|Publication number||US6450424 B1|
|Application number||US 09/601,521|
|Publication date||Sep 17, 2002|
|Filing date||Aug 7, 1999|
|Priority date||Dec 2, 1998|
|Also published as||DE19855547A1, EP1068440A1, EP1068440B1, WO2000032925A1|
|Publication number||09601521, 601521, PCT/1999/2474, PCT/DE/1999/002474, PCT/DE/1999/02474, PCT/DE/99/002474, PCT/DE/99/02474, PCT/DE1999/002474, PCT/DE1999/02474, PCT/DE1999002474, PCT/DE199902474, PCT/DE99/002474, PCT/DE99/02474, PCT/DE99002474, PCT/DE9902474, US 6450424 B1, US 6450424B1, US-B1-6450424, US6450424 B1, US6450424B1|
|Original Assignee||Robert Bosch Gmbh|
|Export Citation||BiBTeX, EndNote, RefMan|
|Patent Citations (8), Referenced by (19), Classifications (19), Legal Events (5)|
|External Links: USPTO, USPTO Assignment, Espacenet|
The invention relates to an electromagnetically actuated valve according to the species of the main claim.
Electromagnetically actuated valves are already known in the form of fuel injection valves, in which, for the purpose of reducing in the valve seat area the rebound behavior of a valve-closure member that is connected to a valve needle, and thus to avoid unwanted openings of the valve, a magnet armature is arranged on the valve needle so as to be relatively movable in relation to it.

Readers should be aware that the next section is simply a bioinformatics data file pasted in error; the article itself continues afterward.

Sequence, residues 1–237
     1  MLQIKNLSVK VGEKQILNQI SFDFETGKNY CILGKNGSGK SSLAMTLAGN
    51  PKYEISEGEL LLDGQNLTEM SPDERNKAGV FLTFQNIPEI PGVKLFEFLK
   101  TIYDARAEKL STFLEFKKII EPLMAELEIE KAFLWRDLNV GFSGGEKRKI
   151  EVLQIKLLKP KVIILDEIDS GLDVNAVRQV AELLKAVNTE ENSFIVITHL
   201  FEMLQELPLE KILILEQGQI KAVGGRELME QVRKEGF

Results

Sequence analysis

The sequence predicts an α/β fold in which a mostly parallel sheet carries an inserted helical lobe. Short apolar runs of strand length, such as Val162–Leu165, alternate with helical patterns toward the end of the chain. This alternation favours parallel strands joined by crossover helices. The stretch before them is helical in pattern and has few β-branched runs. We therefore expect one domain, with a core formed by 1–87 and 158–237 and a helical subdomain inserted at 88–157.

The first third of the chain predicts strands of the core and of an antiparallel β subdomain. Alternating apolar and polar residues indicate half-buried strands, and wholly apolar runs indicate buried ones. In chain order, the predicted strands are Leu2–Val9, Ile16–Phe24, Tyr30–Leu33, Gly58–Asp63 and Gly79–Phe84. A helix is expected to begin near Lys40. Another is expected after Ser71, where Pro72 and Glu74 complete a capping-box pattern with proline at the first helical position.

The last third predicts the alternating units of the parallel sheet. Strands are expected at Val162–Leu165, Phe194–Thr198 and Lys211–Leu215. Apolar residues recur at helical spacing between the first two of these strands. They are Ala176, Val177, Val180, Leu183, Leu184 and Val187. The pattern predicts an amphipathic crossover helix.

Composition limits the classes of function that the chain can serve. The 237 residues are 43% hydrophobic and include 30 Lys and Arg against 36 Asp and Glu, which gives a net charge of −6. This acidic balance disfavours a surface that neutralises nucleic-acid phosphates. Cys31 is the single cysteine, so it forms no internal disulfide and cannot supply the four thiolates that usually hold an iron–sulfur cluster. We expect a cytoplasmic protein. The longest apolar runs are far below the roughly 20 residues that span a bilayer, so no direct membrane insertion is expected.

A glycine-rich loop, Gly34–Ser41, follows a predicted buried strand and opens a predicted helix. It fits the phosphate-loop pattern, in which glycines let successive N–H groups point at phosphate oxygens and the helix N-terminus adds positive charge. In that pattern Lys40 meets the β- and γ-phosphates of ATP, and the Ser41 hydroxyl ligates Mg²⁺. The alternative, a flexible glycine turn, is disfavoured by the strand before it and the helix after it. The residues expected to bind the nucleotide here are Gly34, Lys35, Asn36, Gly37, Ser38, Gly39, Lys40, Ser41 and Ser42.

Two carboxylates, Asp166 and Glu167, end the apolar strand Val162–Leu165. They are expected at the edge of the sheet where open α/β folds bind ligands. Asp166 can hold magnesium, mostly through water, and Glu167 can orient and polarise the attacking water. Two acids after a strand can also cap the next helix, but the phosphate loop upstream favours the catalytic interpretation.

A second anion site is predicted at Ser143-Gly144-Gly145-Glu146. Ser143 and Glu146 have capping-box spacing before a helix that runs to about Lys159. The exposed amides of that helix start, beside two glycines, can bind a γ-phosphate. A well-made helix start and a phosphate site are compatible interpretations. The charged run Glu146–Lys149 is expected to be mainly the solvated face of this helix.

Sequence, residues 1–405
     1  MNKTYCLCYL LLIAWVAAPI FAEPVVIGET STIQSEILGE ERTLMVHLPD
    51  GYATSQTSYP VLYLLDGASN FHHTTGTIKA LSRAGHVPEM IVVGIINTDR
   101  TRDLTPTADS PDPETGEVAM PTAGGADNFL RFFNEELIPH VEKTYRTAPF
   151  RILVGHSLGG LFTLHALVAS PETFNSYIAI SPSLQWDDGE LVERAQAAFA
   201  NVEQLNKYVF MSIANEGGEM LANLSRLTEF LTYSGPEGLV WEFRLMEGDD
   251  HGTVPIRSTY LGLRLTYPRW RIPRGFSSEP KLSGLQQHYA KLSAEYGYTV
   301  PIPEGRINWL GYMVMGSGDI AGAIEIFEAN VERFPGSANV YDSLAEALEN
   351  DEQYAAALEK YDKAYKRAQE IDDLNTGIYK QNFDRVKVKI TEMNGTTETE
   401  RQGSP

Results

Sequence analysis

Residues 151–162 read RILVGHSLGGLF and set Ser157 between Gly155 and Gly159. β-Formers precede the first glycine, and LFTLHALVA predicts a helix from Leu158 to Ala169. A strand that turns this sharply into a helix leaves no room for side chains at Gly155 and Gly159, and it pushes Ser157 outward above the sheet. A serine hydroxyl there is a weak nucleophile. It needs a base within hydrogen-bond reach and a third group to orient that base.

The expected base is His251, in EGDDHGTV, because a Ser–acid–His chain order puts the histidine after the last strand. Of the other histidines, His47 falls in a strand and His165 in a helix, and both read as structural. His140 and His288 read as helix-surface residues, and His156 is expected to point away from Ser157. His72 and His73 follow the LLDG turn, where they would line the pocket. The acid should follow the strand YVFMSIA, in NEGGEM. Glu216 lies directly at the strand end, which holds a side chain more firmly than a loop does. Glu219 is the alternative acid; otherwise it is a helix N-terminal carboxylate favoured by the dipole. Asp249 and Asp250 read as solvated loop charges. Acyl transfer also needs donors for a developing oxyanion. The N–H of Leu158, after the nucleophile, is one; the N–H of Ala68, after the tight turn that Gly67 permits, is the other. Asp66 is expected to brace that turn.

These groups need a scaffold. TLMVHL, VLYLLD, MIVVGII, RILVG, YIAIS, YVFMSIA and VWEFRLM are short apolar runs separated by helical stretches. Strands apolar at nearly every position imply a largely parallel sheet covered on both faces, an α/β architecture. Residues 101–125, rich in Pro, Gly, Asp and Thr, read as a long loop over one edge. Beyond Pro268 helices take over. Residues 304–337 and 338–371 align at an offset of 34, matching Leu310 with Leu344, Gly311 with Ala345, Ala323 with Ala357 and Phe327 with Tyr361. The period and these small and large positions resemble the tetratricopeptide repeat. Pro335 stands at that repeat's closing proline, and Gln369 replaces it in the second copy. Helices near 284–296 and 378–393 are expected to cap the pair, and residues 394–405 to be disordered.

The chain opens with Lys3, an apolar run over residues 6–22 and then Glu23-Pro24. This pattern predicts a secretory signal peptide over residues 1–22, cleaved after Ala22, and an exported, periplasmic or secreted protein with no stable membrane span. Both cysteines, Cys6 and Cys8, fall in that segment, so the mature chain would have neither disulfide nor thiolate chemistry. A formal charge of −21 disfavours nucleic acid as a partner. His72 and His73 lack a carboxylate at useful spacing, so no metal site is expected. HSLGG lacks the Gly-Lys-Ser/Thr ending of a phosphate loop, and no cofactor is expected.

German Patent Application No. 33 14 899 describes an electromagnetically actuated fuel injection valve, in which, for electromagnetic actuation, a magnet armature cooperates with an electrically excitable solenoid coil, and the stroke of the magnet armature is transmitted via a valve needle to a valve-closure member. To form a valve seal, the valve-closure member cooperates with a valve seat. The magnet armature is not rigidly secured on the valve needle, but is arranged so as to be movable in the axial direction relative to the valve needle. A first restoring spring acts upon the valve needle in the closing direction and therefore keeps the injection valve closed in the zero-current, nonexcited state of the solenoid coil. The magnet armature is acted upon in the stroke direction by a second restoring spring such that the magnet armature, in the resting position, contacts a first limit stop provided on the valve needle. In response to the excitation of the solenoid coil, the magnet armature is pulled in the stroke direction and, via the first limit stop, takes the valve needle with it. When the current exciting the solenoid coil is switched off, the valve needle is accelerated in its closing position by the first restoring spring and, via the described limit stop, takes the armature with it. As soon as the valve-closure member contacts the valve seat, the closing motion of the valve needle is abruptly terminated. The motion of the magnet armature, which is not rigidly connected to the valve needle, continues opposite to the stroke direction and it is absorbed by the second restoring spring, i.e., the magnet armature swings through against the second restoring spring, having a significantly weaker spring tension in comparison to the first restoring spring. Finally, the second restoring spring accelerates the magnet armature once again in the stroke direction. If the magnet armature meets the limit stop of the valve needle, this can lead to a new short-term lifting off from the valve seat of the valve-closure member, that is joined to the valve needle, and therefore to a short-term opening of the valve.